IDB: $140 million to modernize ‘obsolete’ family island airports

Calling family island airports obsolete and inadequate, the Inter-American Development Bank (IDB) noted it would cost almost $140 million to have them modernized.

The out-island airports are considered one of the country’s critical infrastructure areas, in the IDB’s recently released Caribbean Region Quarterly Bulletin on Infrastructure Development for the Caribbean.

Calling local ports and shipping facilities “fragmented, outdated and inefficient”, the IDB in the report said modernization is required to maintain connectivity and aid further development of the country.

In terms of transportation, connecting the more remote southernmost islands remains the greatest challenge for the government, according to the IDB.

“With over 53 licensed airports, 28 of which are government-owned and operated, air connectivity is comprehensive and getting better, as The Bahamas caters to all the leading air carriers of North America and some from Europe,” the report notes.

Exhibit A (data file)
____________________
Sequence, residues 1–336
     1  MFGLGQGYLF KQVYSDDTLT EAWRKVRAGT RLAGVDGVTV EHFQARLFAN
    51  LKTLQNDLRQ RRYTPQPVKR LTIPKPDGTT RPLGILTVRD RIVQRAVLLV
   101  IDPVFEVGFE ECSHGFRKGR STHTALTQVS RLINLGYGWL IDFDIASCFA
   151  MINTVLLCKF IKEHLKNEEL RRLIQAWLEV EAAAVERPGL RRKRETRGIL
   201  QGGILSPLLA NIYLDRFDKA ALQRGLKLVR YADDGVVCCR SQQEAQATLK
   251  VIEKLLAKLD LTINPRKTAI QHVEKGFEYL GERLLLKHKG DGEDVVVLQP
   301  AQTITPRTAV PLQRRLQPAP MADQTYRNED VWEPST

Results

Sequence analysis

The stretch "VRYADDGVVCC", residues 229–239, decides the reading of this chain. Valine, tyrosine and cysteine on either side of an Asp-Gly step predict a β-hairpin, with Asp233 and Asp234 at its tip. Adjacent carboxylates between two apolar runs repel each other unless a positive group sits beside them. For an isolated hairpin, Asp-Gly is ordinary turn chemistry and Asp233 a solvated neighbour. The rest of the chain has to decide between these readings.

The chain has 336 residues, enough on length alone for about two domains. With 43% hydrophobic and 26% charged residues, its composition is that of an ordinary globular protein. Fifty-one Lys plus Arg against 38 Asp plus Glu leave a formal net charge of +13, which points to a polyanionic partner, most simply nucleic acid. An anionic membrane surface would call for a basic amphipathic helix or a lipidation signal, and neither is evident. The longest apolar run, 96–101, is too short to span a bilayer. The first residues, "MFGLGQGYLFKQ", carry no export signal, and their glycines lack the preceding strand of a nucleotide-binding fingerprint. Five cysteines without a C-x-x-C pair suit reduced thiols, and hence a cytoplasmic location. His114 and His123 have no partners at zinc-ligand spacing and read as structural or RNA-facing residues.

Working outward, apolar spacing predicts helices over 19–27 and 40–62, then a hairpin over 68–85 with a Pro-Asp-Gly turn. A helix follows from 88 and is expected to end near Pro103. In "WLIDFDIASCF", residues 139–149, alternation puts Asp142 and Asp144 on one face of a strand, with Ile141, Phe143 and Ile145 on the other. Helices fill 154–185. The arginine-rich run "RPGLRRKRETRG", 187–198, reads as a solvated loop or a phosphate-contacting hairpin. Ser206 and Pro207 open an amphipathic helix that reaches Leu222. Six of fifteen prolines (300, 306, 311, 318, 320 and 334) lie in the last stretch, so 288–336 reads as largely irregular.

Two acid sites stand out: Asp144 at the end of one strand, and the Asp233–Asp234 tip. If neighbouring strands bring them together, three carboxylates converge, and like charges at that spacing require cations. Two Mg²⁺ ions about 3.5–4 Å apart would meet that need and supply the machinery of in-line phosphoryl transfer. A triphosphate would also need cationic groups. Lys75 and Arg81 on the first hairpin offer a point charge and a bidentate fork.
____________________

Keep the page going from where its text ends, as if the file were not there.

“However, as is the case for maritime transportation, the Family Islands require substantial investment in aviation transport and connectivity, with recent estimates suggesting that almost US$140 million is needed to upgrade its obsolete and inadequate public airport infrastructure and systems to comply with international aviation standards.”

While the IDB highlighted improvements in air connectivity among the islands, it also pointed out that foreign carriers dominate seat capacity, accounting for 75 percent of the market share.

The IDB approved a $35 million airport infrastructure loan for The Bahamas in January 2017, roughly six years after it approved a $47.5 million air transport reform program loan in December 2011.

The government allocated the $35 million loan for upgrades to the Exuma, North Eleuthera, Marsh Harbour and Treasure Cay airports.

Last year, Minister of Tourism and Aviation Dionisio D’Aguilar estimated it would cost $200 million to fully renovate all of those airports and that could only be accomplished through public-private partnerships.

Show More

Paige McCartney

Paige joined The Nassau Guardian in 2010 as a television news reporter and anchor. She has covered countless political and social events that have impacted the lives of Bahamians and changed the trajectory of The Bahamas. Paige started working as a business reporter in August 2016. Education: Palm Beach Atlantic University in 2006 with a BA in Radio and Television News

Related Articles

Back to top button

Adblock Detected

Please support our local news by turning off your adblocker